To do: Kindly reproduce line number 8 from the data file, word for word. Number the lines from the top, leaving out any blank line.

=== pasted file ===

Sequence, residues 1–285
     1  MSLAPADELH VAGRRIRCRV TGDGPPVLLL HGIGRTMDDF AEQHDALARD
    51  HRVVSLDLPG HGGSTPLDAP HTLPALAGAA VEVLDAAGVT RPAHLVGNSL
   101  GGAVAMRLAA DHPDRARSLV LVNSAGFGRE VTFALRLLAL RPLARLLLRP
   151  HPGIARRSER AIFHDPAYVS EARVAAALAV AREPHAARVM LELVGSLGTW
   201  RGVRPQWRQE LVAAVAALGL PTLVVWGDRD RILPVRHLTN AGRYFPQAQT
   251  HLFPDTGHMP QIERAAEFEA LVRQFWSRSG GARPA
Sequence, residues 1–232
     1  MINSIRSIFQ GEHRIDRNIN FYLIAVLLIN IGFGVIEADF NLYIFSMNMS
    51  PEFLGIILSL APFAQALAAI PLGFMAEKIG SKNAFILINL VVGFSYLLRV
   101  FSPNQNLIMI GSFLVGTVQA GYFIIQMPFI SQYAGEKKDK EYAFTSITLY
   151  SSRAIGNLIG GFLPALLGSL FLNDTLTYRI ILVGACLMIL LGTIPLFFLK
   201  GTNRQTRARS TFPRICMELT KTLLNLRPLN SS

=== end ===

Sequence, residues 1–232